Egyptian Myths and Mysteries
12 Lectures, Leipzig, September 2-14, 1908 (CW 106)
Rudolf Steiner emphasizes the astonishing and special relationship between our own time and that of ancient Egypt—how, in the natural rhythm of the ages, the so-called third post-Atlantian (Egyptian) epoch is mirrored by the fifth (present) epoch. In this sense, today it is especially relevant to look at ancient Egypt with fresh eyes. The evolution of Western civilization has been profoundly influenced by Egyptian myths through the Greek mysteries. Because of other influences, however, this heritage has degenerated; thinking has mummified and and myth has all but disappeared. Consequently, it is important to revive the seed of goodness passed down to us from ancient Egypt.
Through true imagination, it is our task to renew human knowledge related to the creative forces in nature, which the Egyptians attempted through the Osiris-Isis myth, and the Greeks through the myth of Demeter. This is what Rudolf Steiner attempts in this lecture cycle.
Steiner’s subjects include: experiences of Egyptian initiations; esoteric anatomy and physiology; the stages of evolution of the human form; and much more. The final lecture is on the Christ impulse as the conqueror of matter.
About the Author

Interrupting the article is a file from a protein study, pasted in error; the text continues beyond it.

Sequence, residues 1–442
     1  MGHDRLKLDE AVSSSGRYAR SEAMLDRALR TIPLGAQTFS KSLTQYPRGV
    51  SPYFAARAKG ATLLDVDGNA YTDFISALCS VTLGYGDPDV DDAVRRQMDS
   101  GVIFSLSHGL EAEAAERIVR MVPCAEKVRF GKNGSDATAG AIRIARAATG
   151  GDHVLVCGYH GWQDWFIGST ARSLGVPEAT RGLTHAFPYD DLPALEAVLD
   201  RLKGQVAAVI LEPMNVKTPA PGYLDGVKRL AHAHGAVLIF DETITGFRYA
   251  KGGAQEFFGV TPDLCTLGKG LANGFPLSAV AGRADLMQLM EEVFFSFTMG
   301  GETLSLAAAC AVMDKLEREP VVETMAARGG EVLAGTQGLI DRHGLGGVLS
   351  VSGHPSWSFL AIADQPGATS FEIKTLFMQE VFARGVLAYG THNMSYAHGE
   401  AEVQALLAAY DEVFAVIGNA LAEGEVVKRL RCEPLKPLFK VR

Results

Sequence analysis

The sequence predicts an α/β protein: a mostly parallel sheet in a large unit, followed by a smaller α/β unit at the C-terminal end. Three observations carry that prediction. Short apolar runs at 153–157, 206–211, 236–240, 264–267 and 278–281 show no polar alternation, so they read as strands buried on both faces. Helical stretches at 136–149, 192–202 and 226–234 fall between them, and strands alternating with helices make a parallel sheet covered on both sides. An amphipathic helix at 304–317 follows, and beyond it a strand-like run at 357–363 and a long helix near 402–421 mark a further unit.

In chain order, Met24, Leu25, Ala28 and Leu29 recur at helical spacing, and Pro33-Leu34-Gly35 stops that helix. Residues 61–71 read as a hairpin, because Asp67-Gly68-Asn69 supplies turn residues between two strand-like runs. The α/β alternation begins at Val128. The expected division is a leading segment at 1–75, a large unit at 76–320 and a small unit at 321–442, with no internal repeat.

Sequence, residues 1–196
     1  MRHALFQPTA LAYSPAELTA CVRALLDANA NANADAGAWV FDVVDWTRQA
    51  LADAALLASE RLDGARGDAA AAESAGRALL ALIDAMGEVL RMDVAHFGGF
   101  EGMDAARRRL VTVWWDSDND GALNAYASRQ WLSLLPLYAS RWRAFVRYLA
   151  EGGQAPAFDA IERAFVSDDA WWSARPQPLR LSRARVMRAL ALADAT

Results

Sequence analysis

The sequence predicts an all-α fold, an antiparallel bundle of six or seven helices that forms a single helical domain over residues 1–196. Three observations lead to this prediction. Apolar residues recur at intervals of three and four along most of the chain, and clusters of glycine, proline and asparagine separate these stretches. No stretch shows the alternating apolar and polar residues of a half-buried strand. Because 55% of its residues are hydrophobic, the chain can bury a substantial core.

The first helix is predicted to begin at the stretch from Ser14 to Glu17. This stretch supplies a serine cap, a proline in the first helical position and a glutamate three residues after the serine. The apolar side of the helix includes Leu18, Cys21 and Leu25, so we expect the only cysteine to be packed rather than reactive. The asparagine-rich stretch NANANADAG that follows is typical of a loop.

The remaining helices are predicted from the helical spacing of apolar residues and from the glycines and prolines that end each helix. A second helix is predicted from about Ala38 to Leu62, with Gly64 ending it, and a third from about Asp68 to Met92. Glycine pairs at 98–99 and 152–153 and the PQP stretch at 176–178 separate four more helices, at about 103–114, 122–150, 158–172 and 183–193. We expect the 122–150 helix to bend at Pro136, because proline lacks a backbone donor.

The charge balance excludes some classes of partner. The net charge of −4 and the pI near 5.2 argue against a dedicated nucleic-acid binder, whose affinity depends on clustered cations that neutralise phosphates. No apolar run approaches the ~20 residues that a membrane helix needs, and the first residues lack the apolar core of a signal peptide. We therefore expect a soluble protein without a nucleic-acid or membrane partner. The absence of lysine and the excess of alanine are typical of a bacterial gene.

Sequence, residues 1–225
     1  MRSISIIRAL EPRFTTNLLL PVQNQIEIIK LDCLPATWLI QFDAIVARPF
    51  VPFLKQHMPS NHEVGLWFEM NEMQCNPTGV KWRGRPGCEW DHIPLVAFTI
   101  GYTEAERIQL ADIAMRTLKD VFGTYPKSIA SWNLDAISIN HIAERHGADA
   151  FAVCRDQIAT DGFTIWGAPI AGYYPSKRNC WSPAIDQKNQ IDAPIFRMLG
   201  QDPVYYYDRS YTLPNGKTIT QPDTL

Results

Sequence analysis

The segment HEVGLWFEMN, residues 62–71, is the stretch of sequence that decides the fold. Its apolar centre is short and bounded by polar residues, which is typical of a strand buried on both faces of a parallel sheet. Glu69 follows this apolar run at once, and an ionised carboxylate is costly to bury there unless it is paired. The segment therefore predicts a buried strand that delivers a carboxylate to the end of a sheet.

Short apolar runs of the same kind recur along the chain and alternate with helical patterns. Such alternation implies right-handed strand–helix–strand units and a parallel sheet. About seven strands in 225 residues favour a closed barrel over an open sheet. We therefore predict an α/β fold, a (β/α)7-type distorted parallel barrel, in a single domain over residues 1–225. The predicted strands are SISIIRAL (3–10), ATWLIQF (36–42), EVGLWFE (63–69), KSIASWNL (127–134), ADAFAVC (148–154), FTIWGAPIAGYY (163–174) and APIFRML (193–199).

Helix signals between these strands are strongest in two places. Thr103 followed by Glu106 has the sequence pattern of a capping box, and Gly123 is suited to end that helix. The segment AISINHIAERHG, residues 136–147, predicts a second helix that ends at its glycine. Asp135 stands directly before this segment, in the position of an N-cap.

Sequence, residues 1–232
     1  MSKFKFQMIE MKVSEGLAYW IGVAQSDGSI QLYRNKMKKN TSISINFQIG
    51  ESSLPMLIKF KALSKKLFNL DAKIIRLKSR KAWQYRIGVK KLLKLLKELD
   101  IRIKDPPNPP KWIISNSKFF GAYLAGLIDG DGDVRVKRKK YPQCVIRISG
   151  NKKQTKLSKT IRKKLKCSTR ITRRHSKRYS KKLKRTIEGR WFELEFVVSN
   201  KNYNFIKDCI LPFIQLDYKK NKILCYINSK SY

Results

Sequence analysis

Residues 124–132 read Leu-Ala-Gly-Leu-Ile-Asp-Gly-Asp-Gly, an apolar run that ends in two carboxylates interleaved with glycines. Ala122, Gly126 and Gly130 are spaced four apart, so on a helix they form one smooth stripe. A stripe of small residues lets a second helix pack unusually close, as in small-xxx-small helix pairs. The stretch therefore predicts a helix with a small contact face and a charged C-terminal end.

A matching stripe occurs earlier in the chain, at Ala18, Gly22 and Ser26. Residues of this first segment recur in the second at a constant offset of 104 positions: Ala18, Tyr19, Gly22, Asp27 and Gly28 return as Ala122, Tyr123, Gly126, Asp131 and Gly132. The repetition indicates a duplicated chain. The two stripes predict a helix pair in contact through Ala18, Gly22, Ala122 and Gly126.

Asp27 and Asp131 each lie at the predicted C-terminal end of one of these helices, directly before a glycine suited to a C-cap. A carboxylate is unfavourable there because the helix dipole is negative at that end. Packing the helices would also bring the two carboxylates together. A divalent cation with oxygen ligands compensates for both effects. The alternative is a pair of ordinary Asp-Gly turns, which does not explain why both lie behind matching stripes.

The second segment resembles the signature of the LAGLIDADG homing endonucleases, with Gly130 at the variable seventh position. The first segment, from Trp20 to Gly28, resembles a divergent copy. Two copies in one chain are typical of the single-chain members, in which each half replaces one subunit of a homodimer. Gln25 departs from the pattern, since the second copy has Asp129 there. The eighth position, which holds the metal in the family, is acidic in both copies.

Rudolf Steiner (1861–1925) was born in the small village of Kraljevec, Austro-Hungarian Empire (now in Croatia), where he grew up (see right). As a young man, he lived in Weimar and Berlin, where he became a well-published scientific, literary, and philosophical scholar, known especially for his work with Goethe’s scientific writings. At the beginning of the twentieth century, he began to develop his early philosophical principles into an approach to systematic research into psychological and spiritual phenomena. Formally beginning his spiritual teaching career under the auspices of the Theosophical Society, Steiner came to use the term Anthroposophy (and spiritual science) for his philosophy, spiritual research, and findings. The influence of Steiner’s multifaceted genius has led to innovative and holistic approaches in medicine, various therapies, philosophy, religious renewal, Waldorf education, education for special needs, threefold economics, biodynamic agriculture, Goethean science, architecture, and the arts of drama, speech, and eurythmy. In 1924, Rudolf Steiner founded the General Anthroposophical Society, which today has branches throughout the world. He died in Dornach, Switzerland.